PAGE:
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An Introduction to Equalization - A free download from Audio Masterclass

Equipping Your Home Recording Studio - A free download from Audio Masterclass

An Introduction to Compression: Basic Compression - A free download from Audio Masterclass

Buy an SSL mixing console for a quarter of its price when new!

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What is production? Part 3: Recording

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Visualizing stereo information using Lissajous figures

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What is production? Part 2: Arrangement

What is this strange-looking piece of equipment?

A monitoring front end - and back end too

Why do we record on computers these days? Because they're cheap, that's why - no other reason. So, given that we are almost obliged to use computers for recording, and particularly for detailed editing, what can we do to make our lives easier...?

Why do we record on computers these days? Because they're cheap, that's why - no other reason. The amount of trouble they cause would be an excellent reason to ditch them in favor of dedicated hardware, but then that might cost tens of thousands of dollars - maybe more - to achieve the same end result.

So, given that we are almost obliged to use computers for recording, and particularly for detailed editing, what can we do to make our lives easier?

Firstly the usual yada yada about dedicating a computer to recording - always backup before installing new software, and try to change the configuration as little as possible and just get on with your music.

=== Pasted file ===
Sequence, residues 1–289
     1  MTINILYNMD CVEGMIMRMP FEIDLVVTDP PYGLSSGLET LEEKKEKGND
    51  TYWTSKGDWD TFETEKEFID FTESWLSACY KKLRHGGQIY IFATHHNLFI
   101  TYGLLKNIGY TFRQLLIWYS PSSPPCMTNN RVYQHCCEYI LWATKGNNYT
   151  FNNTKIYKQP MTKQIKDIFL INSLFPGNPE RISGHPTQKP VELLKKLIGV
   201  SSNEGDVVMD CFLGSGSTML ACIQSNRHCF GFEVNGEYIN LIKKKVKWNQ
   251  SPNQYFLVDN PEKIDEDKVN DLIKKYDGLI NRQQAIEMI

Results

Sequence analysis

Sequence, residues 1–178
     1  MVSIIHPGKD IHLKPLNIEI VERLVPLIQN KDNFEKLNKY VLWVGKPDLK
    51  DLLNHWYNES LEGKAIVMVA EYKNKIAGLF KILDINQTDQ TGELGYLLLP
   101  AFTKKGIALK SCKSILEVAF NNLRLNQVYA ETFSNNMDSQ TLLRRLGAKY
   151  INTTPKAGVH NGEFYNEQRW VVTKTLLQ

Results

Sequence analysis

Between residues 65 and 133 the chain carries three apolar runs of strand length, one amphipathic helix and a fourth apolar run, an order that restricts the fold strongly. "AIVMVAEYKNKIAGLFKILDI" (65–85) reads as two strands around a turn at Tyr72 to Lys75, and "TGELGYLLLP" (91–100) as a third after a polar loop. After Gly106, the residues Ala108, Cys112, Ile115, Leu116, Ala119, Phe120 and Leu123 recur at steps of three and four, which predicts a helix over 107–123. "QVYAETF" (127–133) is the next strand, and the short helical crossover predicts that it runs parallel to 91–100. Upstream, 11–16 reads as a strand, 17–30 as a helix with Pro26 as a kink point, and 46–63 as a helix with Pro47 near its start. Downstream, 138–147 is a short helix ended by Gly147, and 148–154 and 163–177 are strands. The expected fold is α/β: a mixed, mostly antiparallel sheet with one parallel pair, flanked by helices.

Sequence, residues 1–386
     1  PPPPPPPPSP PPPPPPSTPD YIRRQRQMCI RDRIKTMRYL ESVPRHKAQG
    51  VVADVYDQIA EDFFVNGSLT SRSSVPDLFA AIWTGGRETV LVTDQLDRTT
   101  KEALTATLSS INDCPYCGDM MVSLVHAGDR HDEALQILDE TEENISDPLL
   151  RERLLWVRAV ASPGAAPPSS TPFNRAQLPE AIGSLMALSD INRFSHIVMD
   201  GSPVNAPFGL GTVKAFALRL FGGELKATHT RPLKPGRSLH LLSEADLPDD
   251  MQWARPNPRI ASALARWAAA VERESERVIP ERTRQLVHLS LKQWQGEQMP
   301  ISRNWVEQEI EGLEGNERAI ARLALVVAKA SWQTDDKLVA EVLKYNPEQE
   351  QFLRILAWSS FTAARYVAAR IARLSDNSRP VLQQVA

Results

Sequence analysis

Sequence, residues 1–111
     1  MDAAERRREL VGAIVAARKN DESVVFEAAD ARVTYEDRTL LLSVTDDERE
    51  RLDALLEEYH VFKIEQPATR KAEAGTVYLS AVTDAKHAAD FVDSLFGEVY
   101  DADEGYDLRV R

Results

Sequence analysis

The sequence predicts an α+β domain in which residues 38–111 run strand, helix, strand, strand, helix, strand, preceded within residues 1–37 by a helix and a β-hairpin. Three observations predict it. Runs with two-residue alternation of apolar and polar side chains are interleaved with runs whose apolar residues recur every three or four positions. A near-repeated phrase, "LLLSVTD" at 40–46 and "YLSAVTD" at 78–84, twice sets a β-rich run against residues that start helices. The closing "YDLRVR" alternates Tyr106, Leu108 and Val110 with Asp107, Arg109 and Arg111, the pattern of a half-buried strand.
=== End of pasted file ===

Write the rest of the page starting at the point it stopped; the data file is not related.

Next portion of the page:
But next, we could consider the parts of the process that the computer doesn't handle - input signal conditioning and monitoring. These are two aspects of recording that are impossible to handle with software alone.

So now we are seeing a new concept in the market, which I don't think has an official name yet. Some manufacturers have ventured the term 'recording front end', but actually their products feature a 'back end' too, so that isn't quite right.

A rose by any other name would smell as sweet, as Shakespeare said, and what these devices provide is genuinely useful - a microphone preamplifier, processing such as EQ and compression, and a monitoring controller with outputs for headphones and a power amplifier. And of course a volume control.

Connecting this one unit to your sound card creates a logical easy-to-use system, and at least some of your interaction with the audio is through a knob and button interface rather than mouse and keyboard.

I predict many more of these units to come. In fact, every manufacturer should have one!

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By David Mellor Thursday February 3, 2005
Online courses from Audio Masterclass